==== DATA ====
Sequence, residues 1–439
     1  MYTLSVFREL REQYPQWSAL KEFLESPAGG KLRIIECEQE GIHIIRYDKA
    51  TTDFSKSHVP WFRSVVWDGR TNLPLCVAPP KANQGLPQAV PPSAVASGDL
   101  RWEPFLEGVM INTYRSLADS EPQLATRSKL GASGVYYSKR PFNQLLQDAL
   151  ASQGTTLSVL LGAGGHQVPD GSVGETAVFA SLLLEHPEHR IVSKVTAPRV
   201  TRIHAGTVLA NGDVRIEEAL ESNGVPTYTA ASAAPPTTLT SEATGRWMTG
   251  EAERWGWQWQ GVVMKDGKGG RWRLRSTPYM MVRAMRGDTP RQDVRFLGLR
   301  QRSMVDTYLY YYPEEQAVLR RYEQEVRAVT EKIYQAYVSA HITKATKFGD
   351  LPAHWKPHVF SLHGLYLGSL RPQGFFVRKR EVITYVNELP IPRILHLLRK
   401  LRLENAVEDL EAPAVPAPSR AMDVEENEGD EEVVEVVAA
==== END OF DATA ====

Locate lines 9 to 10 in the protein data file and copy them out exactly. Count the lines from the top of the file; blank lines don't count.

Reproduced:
   351  LPAHWKPHVF SLHGLYLGSL RPQGFFVRKR EVITYVNELP IPRILHLLRK
   401  LRLENAVEDL EAPAVPAPSR AMDVEENEGD EEVVEVVAA